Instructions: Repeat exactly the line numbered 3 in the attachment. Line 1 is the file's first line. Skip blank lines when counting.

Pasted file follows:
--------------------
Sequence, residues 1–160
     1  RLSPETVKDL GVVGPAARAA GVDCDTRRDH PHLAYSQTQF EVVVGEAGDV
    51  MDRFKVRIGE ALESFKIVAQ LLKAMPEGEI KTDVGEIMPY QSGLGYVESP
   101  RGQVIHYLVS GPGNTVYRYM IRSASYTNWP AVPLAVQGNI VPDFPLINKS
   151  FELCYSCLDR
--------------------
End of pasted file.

    51  MDRFKVRIGE ALESFKIVAQ LLKAMPEGEI KTDVGEIMPY QSGLGYVESP